Gun Test: Steyr Pro THB Rifle
A hard-working .308 with a battlefield pedigree
The new Steyr Pro THB is a tough, compact, general-purpose rifle chambered in the consummate general-purpose cartridge, the .308 Win. It has a go-anywhere, do-anything configuration that will resonate with shooters who expect their rifle to survive rough handling in inhospitable environments and still perform at a high level.
This is a squat, muscular rifle, with a 20-inch heavy-contour barrel, an oversize bolt knob, a strong synthetic stock that swells around the grip to fill the shooter’s hand, and a system of stacking spacers to customize the length of pull. Sleek and svelte it is not. It has the look and attitude of a junkyard dog.
That canine metaphor is doubly apt because the mascot of the United States Marine Corps—for those unlearned heathens out there—is an English bulldog named Chesty, after one of the most decorated Marines in history, Lt. Gen. Chesty Puller.
Born to Fight
During the early years in the war in Iraq, the Marine Corps started to equip some snipers with short-barreled .308s. These smaller, handy rifles, which could be suppressed when needed, were ideal for fighting in an urban battlefield. They were fed by box magazines, had an 18-inch barrel, and gained a measure of attention when ex–Navy SEAL sniper Chris Kyle started shooting one—a GA Precision Gladius—after he got out of the military.
The Pro THB—which stands for Tactical Heavy Barrel—is built along these same lines.
The barrel is topped with a knurled thread protector that unscrews easily in order to attach a suppressor or other muzzle device. The action comes with a one-piece Picatinny rail mounted that has 20 MOA of declination built into it for long-range shooting.
The rifle is fed by a polymer box magazine that holds four cartridges and has an innovative two-stage attachment system.
The magazine will click into place just shy of being fully seated in the magazine well—the first stage—so that the bolt can be closed without a round being chambered. Pushing the magazine to the second click seats it flush with the stock, where it will feed in a normal fashion.
|Steyr Pro THB||Stats|
|Weight:||8 lb. 11 oz.|
|Trigger Pull:||3 lb. 5 oz.|
|Smallest Group:||.583 in.|
|Barrel Length:||40 7/8 in.|
During my evaluation, the Pro THB functioned perfectly. The four-lug action—it has two opposing lugs, with a second, smaller pair of lugs just behind them—cocks and cycles smoothly. Since the bolt body is as wide as the lugs, it glides easily back and forth in the action with nary a hint of wobble or play.
Staying on the scope while running the gun proved to be a simple matter. The rifle loads easily, even when you toss a single round into the oval ejection port after emptying the magazine, and extracts and ejects empties—via a Sako-style extractor and plunger ejector—with no fuss.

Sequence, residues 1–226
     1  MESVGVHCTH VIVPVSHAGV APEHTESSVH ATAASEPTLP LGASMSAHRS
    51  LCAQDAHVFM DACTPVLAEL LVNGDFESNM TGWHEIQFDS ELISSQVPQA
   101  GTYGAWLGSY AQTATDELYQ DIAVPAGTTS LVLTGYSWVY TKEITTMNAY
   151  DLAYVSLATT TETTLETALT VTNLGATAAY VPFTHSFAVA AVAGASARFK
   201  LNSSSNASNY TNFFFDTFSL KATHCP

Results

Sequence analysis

The rifle’s accuracy was excellent. The bulk of my evaluation occurred during a range session with winds gusting to 25 mph, making for challenging shooting conditions. The Pro THB handled it in stride.
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I shot five different loads through the rifle: Federal’s Gold Metal Berger 185-grain Juggernaught, Sig Sauer’s 168-grain OTM, Nosler’s 165-grain AccuBond, Hornady’s 155-grain A-Max, and Barnes’ 150-grain TTSX. All of the ammo managed to print MOA or better 5-shot groups, and they all also shot to nearly the same point of impact. That’s a real testament to the versatility and craftsmanship of the Pro THB. It isn’t often that a rifle will handle such a wide range of bullet weights that well. The two best groups, by the way, came from the Nosler AccuBond (.583 in.) and the Barnes TTSX (.853 in.).
As always, the quality of the barrel, which has a 1:10 twist, is critical for this kind of accuracy. As the name suggests, the barrel is heavy, and so is the rest of the rifle. Unscoped, it weighs 8 pounds 11 ounces. The trigger is very consistent, breaking within an ounce or two of 3 pounds 5 ounces, but it is a bit mushy, with a hint of creep and overtravel. This is a small point, but I found it distracting at times.
The rifle comes with two swivel studs, which is really the only misstep in the design. At the very least, it should have a second stud up front to attach a bipod, but better yet it should have a single stud up front and flush-mounted cups fore and aft for a sling.
You can get the rifle with an even shorter 16-inch barrel if you like, or you can go really long with a 26-inch version. Soon the rifle will be offered in the 6.5 Creedmoor as well. I like this rifle a lot. At $1,265, it isn’t cheap, but it delivers outstanding performance and utter reliability. It’s a working rifle that can handle a wide range of tasks—as long as you’re willing to lug it around.